|At the workshop
The event was participated by leaders of the health departments of central provinces and cities from Nghe An to Phu Yen.
Director of the Department of Maternal and Child Health Nguyen Duc Vinh said mother-to-child transmission of HIV, hepatitis B and syphilis caused negative impacts on mother and children health. Especially in remote, mountainous and border regions and islands, limited access to medical services hinders the eradication of those diseases, he said.
Vinh proposed participants map out action plans at the provincial level and mention current difficulties and solutions to carry out the national action plan in respective localities in the time ahead.
The Department of Maternal and Child Health noted that Vietnam has an average of nearly 2 million pregnant women each year, with the HIV infection rate in pregnant women standing at 0.19 percent. As a result, up to 1,520 babies are born with HIV annually as without intervention, the mother-to-child transmission rate could reach about 40 percent.
The rate of hepatitis B infection in pregnant women in Vietnam is relatively high, ranging from 9.5 percent to 13 percent. Hence, women are advised to take a test for the hepatitis B virus before pregnancy and re-take the test when they are expecting if necessary.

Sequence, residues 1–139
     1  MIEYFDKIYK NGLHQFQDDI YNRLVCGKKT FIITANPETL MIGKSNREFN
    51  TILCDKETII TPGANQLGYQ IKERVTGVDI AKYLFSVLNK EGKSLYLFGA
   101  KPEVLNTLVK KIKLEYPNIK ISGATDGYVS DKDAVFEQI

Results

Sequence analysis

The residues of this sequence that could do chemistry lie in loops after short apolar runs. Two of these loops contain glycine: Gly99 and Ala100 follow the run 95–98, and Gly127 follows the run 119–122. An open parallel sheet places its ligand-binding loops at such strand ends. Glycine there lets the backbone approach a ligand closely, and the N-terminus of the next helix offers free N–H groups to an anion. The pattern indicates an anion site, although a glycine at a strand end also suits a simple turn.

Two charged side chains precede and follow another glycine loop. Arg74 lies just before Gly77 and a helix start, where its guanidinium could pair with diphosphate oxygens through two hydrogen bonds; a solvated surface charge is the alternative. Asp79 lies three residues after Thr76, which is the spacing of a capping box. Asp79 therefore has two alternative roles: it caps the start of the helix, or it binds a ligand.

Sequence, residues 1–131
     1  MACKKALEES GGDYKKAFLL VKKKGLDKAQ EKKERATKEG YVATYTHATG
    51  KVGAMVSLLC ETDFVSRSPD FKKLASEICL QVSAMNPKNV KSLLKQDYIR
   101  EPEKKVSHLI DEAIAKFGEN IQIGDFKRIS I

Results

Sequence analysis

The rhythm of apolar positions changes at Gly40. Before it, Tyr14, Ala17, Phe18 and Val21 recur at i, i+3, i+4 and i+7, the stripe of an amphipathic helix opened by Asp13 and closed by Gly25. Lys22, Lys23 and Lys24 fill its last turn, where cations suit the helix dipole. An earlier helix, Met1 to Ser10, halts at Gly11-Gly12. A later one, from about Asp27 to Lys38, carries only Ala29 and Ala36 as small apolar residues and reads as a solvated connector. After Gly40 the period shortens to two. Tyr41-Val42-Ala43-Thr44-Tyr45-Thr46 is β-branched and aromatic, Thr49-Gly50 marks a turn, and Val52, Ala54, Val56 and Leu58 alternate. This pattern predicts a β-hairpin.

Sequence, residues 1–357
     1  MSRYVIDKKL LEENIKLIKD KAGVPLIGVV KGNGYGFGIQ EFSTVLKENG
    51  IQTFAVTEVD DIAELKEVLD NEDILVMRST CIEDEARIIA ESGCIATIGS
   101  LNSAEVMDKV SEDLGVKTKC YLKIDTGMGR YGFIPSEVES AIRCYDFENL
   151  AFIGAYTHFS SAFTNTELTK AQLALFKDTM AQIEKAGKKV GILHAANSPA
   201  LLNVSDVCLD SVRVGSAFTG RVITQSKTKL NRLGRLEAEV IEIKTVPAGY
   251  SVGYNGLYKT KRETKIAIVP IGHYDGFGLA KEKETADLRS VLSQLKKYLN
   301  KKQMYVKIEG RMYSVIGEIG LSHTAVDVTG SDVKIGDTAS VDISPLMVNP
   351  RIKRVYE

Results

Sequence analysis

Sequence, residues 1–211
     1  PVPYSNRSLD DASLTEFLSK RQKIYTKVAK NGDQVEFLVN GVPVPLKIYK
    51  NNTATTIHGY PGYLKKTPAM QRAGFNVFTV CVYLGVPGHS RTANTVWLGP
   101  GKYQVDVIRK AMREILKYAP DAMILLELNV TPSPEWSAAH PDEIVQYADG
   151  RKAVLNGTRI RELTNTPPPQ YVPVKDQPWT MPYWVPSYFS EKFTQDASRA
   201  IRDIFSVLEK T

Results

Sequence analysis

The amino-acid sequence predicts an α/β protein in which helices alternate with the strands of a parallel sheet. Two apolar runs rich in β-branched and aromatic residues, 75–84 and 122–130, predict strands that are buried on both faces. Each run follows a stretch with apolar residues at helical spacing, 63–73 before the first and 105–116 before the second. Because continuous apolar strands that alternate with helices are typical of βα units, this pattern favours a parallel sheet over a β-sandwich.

Meanwhile, the number of infants born with syphilis has also shown signs of increasing. However, only less than 16 percent of expectant mothers take screening tests for syphilis.
The MoH has instructed the Department of Maternal and Child Health to devise an annual plan to guide, supervise and coordinate the plan’s activities, as well as provide technical assistance on the prevention of those diseases in medical examination and treatment system in obstetrics and paediatrics.
Furthermore, refresher courses will be held regularly to update knowledge and improve skills for healthcare workers.
Statistics from the World Health Organisation (WHO) showed that in the Western Pacific region, about 180,000 children are infected with the hepatitis B virus annually, while 13,000 and 1,400 others are diagnosed with syphilis and HIV infections, respectively.
The WHO Western Pacific Region have devised a planning framework to eliminate mother-to-child transmission of HIV, hepatitis B, and syphilis in the 2018-2030 period, part of a bid to contribute to the implementation of the Sustainable Development Goals and the Global Strategy for Women's, Children's, and Adolescents' Health 2016-2030. In addition, the WHO advised members to build respective national action plans on the triple elimination of those diseases in 2030.